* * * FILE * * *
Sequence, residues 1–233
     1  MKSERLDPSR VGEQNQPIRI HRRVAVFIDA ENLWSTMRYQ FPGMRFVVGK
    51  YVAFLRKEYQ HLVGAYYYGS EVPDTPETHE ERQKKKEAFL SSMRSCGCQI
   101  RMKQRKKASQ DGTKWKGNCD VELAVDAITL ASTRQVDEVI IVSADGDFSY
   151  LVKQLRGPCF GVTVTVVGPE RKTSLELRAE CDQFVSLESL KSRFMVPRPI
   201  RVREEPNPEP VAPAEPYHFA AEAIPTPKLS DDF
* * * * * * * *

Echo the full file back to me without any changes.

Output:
Sequence, residues 1–233
     1  MKSERLDPSR VGEQNQPIRI HRRVAVFIDA ENLWSTMRYQ FPGMRFVVGK
    51  YVAFLRKEYQ HLVGAYYYGS EVPDTPETHE ERQKKKEAFL SSMRSCGCQI
   101  RMKQRKKASQ DGTKWKGNCD VELAVDAITL ASTRQVDEVI IVSADGDFSY
   151  LVKQLRGPCF GVTVTVVGPE RKTSLELRAE CDQFVSLESL KSRFMVPRPI
   201  RVREEPNPEP VAPAEPYHFA AEAIPTPKLS DDF